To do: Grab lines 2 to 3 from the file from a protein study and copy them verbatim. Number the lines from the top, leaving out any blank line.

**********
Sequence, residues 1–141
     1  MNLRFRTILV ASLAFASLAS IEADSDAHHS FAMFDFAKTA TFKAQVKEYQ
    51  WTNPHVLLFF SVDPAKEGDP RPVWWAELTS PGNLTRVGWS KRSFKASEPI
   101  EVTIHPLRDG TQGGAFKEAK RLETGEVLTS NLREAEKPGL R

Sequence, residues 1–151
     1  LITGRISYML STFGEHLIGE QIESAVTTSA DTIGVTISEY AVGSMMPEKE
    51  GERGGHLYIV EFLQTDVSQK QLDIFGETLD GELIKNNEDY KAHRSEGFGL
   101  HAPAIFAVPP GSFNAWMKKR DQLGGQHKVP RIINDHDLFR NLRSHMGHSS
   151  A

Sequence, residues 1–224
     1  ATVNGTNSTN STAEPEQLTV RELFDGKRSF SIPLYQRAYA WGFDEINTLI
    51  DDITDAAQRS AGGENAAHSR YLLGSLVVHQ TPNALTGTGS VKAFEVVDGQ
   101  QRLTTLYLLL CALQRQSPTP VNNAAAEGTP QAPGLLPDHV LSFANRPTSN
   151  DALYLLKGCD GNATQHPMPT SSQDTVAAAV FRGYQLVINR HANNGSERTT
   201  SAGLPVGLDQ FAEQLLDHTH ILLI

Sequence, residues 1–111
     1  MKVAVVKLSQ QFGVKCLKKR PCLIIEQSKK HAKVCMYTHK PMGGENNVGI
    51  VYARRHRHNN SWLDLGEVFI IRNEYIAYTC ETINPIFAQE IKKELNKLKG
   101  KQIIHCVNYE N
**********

     1  MNLRFRTILV ASLAFASLAS IEADSDAHHS FAMFDFAKTA TFKAQVKEYQ
    51  WTNPHVLLFF SVDPAKEGDP RPVWWAELTS PGNLTRVGWS KRSFKASEPI